Major Habitat Type
Tropical and subtropical upland rivers
This ecoregion includes the drainage basin of the Rio Tapajós and its tributaries flowing through the northern slope of the Brazilian Shield. It is bounded to the south by the drainage divide between the Tapajós and Paraguay drainages along the Chapada dos Parecis. The northern limit is in the vicinity of Itaituba where the sedimentary basin comes in contact with the outcrop of the Brazilian Shield.
Drainages flowing into
Main rivers or other water bodies
Rio Tapajós, Rio Jamanxim, Rio Teles Pires, and Rio Juruena
The geologic substrate ranges from soft sedimented lowlands to the hard crystalline basement of the Brazilian Shield. Elevations extend from 28 m asl along the Rio Tapajós in the north to 873 m asl in the Chapada dos Parecis. The Juruena and Teles Pires drain uplands of the the Serro do Cachimbo, Serra dos Caiabis, and Serra do Tombador, and contain a number of cataracts that cut through the granite and sandstone tablelands.
The ecoregion has a tropical climate with a dry season that becomes more pronounced to the south. Mean annual precipitation is 2100 mm, but ranges between 1500 in the Chapada dos Parecis to 2900 mm around the Serra do Cachimbo, where the flood season occurs between December and May. The mean annual temperature in the ecoregion ranges between 21 and 27 ºC.
The Rio Tapajós is the fifth largest tributary basin in the Amazon, and provides 6% of the freshwater discharged into the Amazon. Stretching 2700 km, the Tapajós is a clearwater river that rises from the Brazilian Shield. It flows north along a stable course, carries few suspended materials, has a low conductivity, and a pH from 4.5 to 7.8. The upper Tapajós and tributaries are defined by formidable rapids and cataracts whereas the lower reaches are navigable. There are also many rapids and cataracts along the middle and upper Juruena and Teles Pires rivers on the Mato Grasso. Water levels begin to rise in the upper basin in September or early October, reaching maximum levels in March or April. Near the mouth high water levels occur in May or June, and are influenced by the Amazon River. The mean annual water level fluctuation ranges between 4-5 m for the Tapajós and its tributaries. Throughout the basin low-lying areas such as the lower Juruena undergo seasonal flooding.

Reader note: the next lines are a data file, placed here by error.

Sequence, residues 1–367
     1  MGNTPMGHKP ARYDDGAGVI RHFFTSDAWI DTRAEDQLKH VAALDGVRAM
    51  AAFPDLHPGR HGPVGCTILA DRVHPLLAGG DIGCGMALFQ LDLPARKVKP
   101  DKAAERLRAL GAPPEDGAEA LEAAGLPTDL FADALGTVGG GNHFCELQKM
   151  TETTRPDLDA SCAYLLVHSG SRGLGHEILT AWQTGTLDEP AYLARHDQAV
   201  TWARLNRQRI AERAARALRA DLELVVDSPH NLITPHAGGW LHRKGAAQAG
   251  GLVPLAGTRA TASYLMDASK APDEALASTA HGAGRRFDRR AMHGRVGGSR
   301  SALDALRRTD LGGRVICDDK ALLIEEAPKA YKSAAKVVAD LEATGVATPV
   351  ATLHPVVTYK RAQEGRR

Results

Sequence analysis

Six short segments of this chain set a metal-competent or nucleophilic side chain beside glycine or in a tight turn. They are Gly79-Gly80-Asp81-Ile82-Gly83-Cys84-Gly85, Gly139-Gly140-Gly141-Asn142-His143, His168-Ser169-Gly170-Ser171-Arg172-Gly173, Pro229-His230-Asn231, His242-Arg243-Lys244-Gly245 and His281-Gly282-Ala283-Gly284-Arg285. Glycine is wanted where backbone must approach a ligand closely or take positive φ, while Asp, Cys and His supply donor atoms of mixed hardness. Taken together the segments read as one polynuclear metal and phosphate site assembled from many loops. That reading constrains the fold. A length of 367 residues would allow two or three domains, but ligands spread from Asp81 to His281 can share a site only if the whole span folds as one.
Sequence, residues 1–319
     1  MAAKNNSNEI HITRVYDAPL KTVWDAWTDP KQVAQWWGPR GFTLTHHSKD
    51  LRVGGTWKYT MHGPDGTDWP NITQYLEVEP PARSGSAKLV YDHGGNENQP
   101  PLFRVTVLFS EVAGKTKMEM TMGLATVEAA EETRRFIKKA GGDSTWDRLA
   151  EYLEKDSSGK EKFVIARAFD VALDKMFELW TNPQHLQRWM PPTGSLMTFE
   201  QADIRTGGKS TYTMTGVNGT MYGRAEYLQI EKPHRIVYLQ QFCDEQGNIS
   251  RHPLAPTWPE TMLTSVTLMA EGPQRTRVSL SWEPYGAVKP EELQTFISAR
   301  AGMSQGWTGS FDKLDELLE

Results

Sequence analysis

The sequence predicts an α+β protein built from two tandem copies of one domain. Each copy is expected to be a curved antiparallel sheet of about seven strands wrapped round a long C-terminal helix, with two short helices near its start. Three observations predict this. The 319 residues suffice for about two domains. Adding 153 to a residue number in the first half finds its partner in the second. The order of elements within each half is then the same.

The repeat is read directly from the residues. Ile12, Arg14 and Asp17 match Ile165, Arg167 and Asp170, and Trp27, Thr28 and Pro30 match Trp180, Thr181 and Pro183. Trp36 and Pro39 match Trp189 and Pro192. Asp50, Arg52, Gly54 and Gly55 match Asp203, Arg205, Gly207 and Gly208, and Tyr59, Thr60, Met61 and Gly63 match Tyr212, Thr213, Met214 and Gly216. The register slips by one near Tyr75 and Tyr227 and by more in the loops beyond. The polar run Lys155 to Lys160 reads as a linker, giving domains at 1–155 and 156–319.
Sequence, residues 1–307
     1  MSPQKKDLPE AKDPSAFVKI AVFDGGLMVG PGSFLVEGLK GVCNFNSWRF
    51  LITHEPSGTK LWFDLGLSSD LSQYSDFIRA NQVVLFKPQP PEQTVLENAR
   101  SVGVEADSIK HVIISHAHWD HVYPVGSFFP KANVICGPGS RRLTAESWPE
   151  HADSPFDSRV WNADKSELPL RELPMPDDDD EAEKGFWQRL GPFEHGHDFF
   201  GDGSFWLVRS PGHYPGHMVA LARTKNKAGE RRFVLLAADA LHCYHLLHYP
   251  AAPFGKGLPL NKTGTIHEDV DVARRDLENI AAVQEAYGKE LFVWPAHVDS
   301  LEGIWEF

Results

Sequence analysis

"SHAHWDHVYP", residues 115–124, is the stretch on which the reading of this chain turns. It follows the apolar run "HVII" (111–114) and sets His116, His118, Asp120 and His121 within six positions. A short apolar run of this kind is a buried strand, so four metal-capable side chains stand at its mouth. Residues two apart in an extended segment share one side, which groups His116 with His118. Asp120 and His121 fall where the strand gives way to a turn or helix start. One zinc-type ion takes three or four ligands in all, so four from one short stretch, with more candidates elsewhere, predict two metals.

This diverse ecoregion ranges from moist forests in the north to cerrado vegetation in the south. In between lie the Mato Grasso seasonal forests, which is a transitional zone comprised of lowland forest, savanna, gallery forests, and dense thickets. Areas of white-sand igapó forest occur along the Rio Tapajós with species such as Triplaris surinamensis, Piranhea trifoliata, Copaifera martii, and Alchornea castaneaefolia.
This ecoregion has over 240 species, which is greater than either the Madeira Brazilian Shield ecoregion  to the west or the Xingu ecoregion  ecoregion to the east. Like all of the Amazon Basin ecoregions, Characiformes and Siluriformes are the dominant orders with over 80% of the species. Characidae (Characiformes), Cichlidae (Perciformes), and Loricariidae (Siluriformes) are the most speciose families.
Description of endemic fishes
Nearly a quarter of the species are endemic to the ecoregion. These are dominated by Characidae, Loricariidae, Cichlidae, and Anostomidae. Genera with a large number of endemics include Leporinus, Hyphessobrycon, Jupiaba, and Moenkhausia. Of the 12 monotypic species two are endemic to this ecoregion: Merodoras nheco and Spectracanthicus murinus.
Other noteworthy fishes
There are a number of fish that live in aquatic grasses, including Hyphessobrycon and Hemigrammus, banded knifefish (Gymnotus carapo), marbled swamp eel (Synbranchus marmoratus), and predatory characoids such as trahira (Hoplias malabaricus) and redeye piranha (Serrasalmus rhombeus).
Some species like the marbled swamp eel (Synbranchus marmoratus), electric eel (Electrophorus electricus), and aimara (Hoplerythrinus unitaeniatus) have adapted specialized respiratory strategies for low oxygen levels.
Justification for delineation
This ecoregion falls within the Guyanan-Amazonian ichthyographic region, and more specifically within the Amazonian ichthyographic province (Gery 1969; Ringuelet 1975). The Amazon Basin was subdivided at finer scales using regionalized data on fish distributions. The Tapajós represents the fifth largest tributary basin of the Amazon, and is one of the major clearwater tributaries feeding the Amazon. It also contains a large assemblage of unique species.
Level of taxonomic exploration
Fair in large rivers, poor in headwaters.